We all know that the ideal diet is a balanced one, containing a wide variety of different foods and lots of fruit and vegetables. We also know that ideally we should take regular exercise. People often overlook the fact that exercise needs fuel and the more exercise we do, or the greater the intensity of that exercise, the more fuel we need. However, just consuming extra calories is not the answer; to help us deal with the increased stress and damage caused by exercising, we need proportionally more of the ingredients we use to repair and maintain our bodies. So, what are these? There are obvious things like protein, which we know we must consume in increased quantities when we exercise. We often pay little attention to the importance of minerals in this process. As with protein, we need to increase our intake of minerals if we are exercising, and the benefits of doing so can be marked.

Minerals to help you do your best!

First of all, let’s be clear on what we mean when we say ‘mineral’.  A mineral is a naturally occurring substance that is inorganic and is representable by a chemical formula.  Dietary minerals are required by living organisms.  There are a number of vital minerals that we need to regularly consume in fairly large quantities in order to survive.  These include sodium, potassium, phosphorous, magnesium.  We also require trace minerals.  These are smaller amounts of minerals that are nonetheless vital to our optimal functioning.  These include iron, manganese, zinc, selenium and iodine.

One of the minerals required in the greatest amount is sodium, generally consumed in the form of  sodium chloride, or common salt.  Many foods do contain salt, and for normal day-to-day functioning this is usually enough.  Sodium is needed all around your body.  Alongside potassium it helps maintain the right blood volume and pressure by ensuring the required amount or water is drawn out of the blood stream as it flows through the kidneys.  Again, alongside potassium, it is required for normal nerve and muscle function.  The electrical impulses that travel via your nerves and excite your muscles are carried by changing levels of sodium and potassium.

As soon as you exercise, you will sweat. Your sweat contains water along with some minerals, importantly chlorine, potassium and sodium.  With intense exercise a surprisingly large amount of sweat is produced, and you can be left in a severe state of dehydration.  In several studies  over recent years Shirreffs had described the need to replace not only water, but salt when trying to return your body to a state of euhydration – a good ‘normal’ level of hydration.  Only with actively replacing the salt you excrete can you quickly bring your body back to its normal state.  If the exercise has been very intense this is particularly important, as it can take several days for your body to recover just through eating and drinking normally.  Just drinking water to rehydrate without also ingesting the appropriate amount of salt can, in extreme cases, lead to muscle cramps, nausea, and even seizure, requiring hospitalisation to treat (Reynolds, 2012).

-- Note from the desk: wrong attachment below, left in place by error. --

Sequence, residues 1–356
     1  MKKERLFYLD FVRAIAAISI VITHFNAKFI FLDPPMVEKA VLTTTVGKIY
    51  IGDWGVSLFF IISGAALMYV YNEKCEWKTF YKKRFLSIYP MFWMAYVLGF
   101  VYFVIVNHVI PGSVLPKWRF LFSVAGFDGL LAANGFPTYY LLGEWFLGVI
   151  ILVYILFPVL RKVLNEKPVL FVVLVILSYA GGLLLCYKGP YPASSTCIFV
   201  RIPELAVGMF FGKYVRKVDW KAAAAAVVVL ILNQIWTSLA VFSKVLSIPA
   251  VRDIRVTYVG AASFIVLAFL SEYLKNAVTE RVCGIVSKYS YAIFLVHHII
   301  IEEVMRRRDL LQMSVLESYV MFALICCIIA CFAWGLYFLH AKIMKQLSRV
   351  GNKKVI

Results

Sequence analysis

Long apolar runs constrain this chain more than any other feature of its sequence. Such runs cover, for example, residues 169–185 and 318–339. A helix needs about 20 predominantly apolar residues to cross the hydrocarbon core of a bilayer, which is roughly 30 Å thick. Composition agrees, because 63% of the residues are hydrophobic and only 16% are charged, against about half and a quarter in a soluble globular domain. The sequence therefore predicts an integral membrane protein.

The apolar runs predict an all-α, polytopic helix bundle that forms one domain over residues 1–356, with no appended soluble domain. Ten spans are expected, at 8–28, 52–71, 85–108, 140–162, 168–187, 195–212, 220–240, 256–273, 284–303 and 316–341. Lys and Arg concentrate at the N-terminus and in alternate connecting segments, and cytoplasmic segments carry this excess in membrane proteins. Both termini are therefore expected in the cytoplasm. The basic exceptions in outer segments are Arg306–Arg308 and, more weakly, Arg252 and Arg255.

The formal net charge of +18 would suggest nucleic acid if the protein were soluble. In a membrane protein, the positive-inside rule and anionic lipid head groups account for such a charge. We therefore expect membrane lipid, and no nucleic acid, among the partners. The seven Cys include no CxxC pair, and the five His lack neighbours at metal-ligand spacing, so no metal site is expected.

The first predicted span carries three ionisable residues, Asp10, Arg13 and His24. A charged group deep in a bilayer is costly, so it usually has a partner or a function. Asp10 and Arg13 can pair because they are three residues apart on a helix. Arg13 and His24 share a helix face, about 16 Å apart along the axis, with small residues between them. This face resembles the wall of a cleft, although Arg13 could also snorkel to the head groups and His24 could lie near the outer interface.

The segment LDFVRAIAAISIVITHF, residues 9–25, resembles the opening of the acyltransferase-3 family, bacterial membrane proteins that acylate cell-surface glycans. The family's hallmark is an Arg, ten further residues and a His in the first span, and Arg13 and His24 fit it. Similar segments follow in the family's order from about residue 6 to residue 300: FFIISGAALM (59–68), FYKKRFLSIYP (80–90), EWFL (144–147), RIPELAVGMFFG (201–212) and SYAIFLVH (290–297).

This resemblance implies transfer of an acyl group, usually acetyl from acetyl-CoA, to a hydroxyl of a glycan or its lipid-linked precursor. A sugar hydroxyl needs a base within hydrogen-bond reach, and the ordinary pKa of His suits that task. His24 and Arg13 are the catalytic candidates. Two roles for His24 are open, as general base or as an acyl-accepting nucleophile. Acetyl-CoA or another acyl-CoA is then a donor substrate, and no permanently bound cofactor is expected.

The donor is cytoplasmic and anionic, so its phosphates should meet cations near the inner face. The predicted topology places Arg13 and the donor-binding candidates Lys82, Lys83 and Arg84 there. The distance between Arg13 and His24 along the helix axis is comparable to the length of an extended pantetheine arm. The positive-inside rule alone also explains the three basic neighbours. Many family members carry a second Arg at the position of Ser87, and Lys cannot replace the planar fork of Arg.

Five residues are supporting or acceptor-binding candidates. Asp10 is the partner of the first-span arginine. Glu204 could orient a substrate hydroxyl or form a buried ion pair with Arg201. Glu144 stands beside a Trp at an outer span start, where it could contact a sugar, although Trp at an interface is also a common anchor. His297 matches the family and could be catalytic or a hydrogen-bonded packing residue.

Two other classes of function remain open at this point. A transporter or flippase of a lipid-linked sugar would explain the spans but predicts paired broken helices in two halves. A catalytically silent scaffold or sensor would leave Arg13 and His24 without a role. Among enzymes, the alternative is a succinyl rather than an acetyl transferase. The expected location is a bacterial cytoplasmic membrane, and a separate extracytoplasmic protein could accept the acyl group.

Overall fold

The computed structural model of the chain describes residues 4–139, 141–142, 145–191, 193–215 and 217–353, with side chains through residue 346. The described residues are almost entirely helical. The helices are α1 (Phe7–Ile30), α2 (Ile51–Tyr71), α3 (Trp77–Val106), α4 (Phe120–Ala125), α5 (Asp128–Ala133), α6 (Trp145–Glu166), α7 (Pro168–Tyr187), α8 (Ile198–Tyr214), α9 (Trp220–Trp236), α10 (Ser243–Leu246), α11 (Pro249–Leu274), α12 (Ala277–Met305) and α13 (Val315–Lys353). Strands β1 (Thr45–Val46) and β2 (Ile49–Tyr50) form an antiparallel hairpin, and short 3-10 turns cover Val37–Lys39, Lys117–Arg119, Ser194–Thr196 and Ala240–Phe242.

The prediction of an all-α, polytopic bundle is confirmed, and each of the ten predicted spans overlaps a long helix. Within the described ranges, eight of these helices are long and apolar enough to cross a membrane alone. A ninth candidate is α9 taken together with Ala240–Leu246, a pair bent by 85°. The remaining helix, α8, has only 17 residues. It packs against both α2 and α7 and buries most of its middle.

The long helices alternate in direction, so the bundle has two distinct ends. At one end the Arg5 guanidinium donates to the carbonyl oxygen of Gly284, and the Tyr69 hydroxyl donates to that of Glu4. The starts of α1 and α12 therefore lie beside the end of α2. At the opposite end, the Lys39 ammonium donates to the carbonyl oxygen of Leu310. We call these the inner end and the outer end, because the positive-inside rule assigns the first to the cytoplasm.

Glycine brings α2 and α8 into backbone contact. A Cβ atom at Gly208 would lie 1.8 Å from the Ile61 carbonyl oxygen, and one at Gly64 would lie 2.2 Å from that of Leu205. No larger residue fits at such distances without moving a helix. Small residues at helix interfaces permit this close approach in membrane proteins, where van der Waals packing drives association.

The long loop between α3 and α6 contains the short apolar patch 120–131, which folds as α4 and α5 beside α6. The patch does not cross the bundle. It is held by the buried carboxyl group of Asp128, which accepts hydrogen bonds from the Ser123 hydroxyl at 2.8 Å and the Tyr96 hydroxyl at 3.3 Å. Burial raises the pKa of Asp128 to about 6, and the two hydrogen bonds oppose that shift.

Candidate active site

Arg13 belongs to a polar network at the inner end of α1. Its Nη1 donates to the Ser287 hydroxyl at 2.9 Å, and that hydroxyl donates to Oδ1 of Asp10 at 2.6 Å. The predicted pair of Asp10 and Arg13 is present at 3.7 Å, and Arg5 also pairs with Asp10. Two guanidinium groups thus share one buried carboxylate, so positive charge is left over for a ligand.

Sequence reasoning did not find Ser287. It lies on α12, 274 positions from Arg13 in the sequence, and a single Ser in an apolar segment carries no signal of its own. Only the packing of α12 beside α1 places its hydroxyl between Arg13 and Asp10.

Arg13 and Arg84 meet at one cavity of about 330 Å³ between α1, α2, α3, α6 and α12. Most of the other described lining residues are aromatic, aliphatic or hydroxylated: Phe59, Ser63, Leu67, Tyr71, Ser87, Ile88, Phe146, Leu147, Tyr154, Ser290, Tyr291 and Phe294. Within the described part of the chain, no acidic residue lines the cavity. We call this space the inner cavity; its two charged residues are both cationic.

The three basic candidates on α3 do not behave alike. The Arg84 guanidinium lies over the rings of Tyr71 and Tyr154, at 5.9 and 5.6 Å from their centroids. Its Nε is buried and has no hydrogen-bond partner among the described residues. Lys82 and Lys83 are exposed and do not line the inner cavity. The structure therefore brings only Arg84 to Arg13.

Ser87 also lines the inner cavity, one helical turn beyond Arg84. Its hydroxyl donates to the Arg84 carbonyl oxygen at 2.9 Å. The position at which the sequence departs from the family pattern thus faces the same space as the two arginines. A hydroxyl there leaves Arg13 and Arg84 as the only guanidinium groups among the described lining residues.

It’s not just salt replacement that becomes important after exercise.  Lots of other minerals are used up when we exercise, so it’s advantageous to try and replace all of them if possible, especially if we aim to exercise again soon.  Snell (2010) found this with a study comparing different rehydration drinks.  One was lemon-flavoured water (Crystal Light). One contained water, sugars, sodium and potassium (Gatorade).  The third contained these ingredients as well as calcium, magnesium, amino acids, thiols and vitamins (Rehydrate).  Participants performed rounds of exercise to exhaustion.  After a bout of exercise, rehydrating with Crystal Light did not create a state of euhydration and subjects experienced a 6.5% decrease in performance whilst exercising again afterwards.  Drinking Gatorade helped more, with individuals experiencing only a 2.1% drop in performance.  Rehydrate was the only drink that returned participants to a state of euhydration.  These people also performed better in a subsequent bout of exercise, showing a 7.3% increase in treadmill time relative to that of the dehydrated state.  This study shows clearly that many minerals are vital for us to recover from exercise.

The benefits of increased calcium levels were shown by Gaffney-Stomberg in 2014.  Over 9 weeks 243 recruits undergoing military training took a daily dose of 2000mg of calcium, combined with 1000IU of Vitamin D.  Measures of bone density were taken, as well as a measure of bone thickness.  Both the male and female recruits showed better levels of calcium in their blood at the end of the trial, as well as denser and thicker bones.  There were also less incidences of stress fractures than had been predicted, suggesting calcium supplementation provided a protective effect against bone damage.  This study shows that when we work our bodies harder, we need to remember that not only are our muscles working hard, but our skeleton is too, and it needs extra care and fuel just like all of our soft tissues.

It is clear that if we want to get all the benefits we can out of our exercise regime we must make sure we are helping our bodies cope with the strain of exertion.  This means we need to recognise the strain which exercise puts on our bodies, and make sure we consume more minerals to combat this.


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